This is yet another example of AT&T failing a large enterprise customer. While this post has nothing to-do with all the recent hubbub around AT&T’s new “5G E” marketing campaign it highlights the continued challenges enterprises have in dealing with large telecom carriers that either just don’t care or simply just don’t have the ability to operate and manage large scale networks effectively.
The incident started as most incidents start… a call from the Help Desk alerting that there was a lot of red on the network dashboard and e-mail alerts were flowing in by the hundreds. In this case I got a call from one of my network engineer’s informing me that the primary AT&T AVPN/MPLS link into our primary Data Center was down and had been down for almost 60 minutes. That was very unwelcome news as it would significantly impact a large portion of our user base and a number of business critical applications.
While AT&T was supposedly “testing” the circuit my team and I went about re-routing traffic through a secondary Data Center that was still connected to the AT&T AVPN/MPLS network. From our secondary Data Center traffic could flow on a dedicated WAN link to our primary Data Center. That effort of dealing with BGP and EIGRP route maps and policies took about 2 hours to get the majority of traffic re-routed and working again although the re-route was adding about 140ms round-trip time to every IP packet as it needed to traverse the US West coast instead of the US East coast. We have firewalls all throughout the WAN layer so asynchronous routing will cause all sorts of issues and problems and since we also have some DMVPN sprinkled in there some care and planning was needed to successfully re-route traffic.
At the 3 hour mark AT&T had declared that the circuit was good and that there were no issues found on the circuit. The technician explained that we should “verify power”. At the 7 hour mark AT&T would be telling us that their last mile provider, Verizon, had de-provisioned the 1Gbps transport, and that was the cause of our outage.
Thankfully Verizon was able to re-provision the circuit within 20 minutes. Although it would take AT&T and Verizon another 9 hours before they could commit that the circuit wouldn’t be “automatically” de-provisioned again the following night.
I truly miss the days of un-managed dark fiber where all I needed to worry about were fiber breaks and my own gear… while we had a number of fiber breaks they were fairly infrequent and in the majority of cases there were quickly remedied within 2 hours – I can’t even get a call back from AT&T in under 2 hours, forget about resolution in under 2 hours.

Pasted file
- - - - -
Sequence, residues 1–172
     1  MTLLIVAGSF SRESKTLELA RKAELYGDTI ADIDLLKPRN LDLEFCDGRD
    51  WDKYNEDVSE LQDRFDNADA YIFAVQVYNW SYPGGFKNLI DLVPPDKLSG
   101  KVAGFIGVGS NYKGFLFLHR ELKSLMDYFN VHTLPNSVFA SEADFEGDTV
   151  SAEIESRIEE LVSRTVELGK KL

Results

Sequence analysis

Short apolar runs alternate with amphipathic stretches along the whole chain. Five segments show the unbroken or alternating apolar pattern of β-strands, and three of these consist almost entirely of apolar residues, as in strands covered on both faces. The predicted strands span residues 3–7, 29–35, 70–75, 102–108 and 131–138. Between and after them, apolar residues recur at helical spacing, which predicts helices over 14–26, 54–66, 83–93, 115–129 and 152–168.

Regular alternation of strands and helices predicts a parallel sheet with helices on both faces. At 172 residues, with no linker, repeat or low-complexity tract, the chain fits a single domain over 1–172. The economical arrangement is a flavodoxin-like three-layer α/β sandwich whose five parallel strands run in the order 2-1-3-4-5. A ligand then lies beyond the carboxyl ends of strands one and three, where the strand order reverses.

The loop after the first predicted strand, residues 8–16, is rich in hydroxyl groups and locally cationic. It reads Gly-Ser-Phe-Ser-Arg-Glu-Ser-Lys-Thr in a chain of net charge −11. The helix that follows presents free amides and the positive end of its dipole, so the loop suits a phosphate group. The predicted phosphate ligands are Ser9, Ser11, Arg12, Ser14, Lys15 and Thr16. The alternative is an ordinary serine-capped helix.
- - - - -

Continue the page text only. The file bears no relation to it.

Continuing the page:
What story do you have to share regarding any telecom carriers?
I can recommend Orange Business Services as a very good service provider especially their Business VPN products with managed CPE. In this case, if you have a problem, they just asked to check the cabling/power and LED status and for a reboot of the CPE. If the problem then still exist their get in contact with their partners and solve the issue quickly (quiet often ;). What I really like about OBS is their customer oriented work attitude. One of the best B2B relationship I had in the last 15 years of working in IT.
Michael McNamara says
Thanks for the recommendation Patrick.
Avery Abbott says
I feel your pain. More than once I’ve lost a VPLS WAN circuit due to a miscommunication between Big CenturyLink and LEC CenturyLink. It’s hilarious when CenturyLink says that CenturyLink is to blame, except that my circuit is still down…
Michael McNamara says
We have the same issue with AT&T… AT&T East blaming AT&T West (SBC), or having AT&T IP transport team blaming the LEC when SBC (AT&T) is the LEC.
Thanks for the comment Avery!
Had this happen last? (it all runs together at this point) year. We have a T1 that handles a backup DNS server. Got an alarm that connectivity was lost with the server. It’s an AT&T Managed Service connection that uses Verizon for the local loop on our end. Turns out that Verizon just de-provisioned the circuit. It took 2 days to get it operational.
Del Bullion says
I am regularly asked to recommend a service provider. Whenever I am asked who do I like my response is always, “Whoever I am not fighting with today.”